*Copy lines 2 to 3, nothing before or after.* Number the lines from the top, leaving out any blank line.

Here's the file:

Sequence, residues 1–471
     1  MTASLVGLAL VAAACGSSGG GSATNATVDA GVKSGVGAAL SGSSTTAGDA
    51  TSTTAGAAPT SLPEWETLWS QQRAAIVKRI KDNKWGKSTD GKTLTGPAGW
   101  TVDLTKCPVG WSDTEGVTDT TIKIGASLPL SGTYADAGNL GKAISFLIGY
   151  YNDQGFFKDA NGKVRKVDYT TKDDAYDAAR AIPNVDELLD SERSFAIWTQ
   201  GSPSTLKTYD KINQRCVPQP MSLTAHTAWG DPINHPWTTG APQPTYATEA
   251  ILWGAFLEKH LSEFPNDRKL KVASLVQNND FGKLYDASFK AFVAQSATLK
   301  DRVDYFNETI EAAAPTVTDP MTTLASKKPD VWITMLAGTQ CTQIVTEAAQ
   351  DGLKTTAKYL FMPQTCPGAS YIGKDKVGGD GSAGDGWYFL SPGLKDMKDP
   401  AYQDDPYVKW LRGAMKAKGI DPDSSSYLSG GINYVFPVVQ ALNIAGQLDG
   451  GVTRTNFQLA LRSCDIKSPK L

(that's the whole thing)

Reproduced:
     1  MTASLVGLAL VAAACGSSGG GSATNATVDA GVKSGVGAAL SGSSTTAGDA
    51  TSTTAGAAPT SLPEWETLWS QQRAAIVKRI KDNKWGKSTD GKTLTGPAGW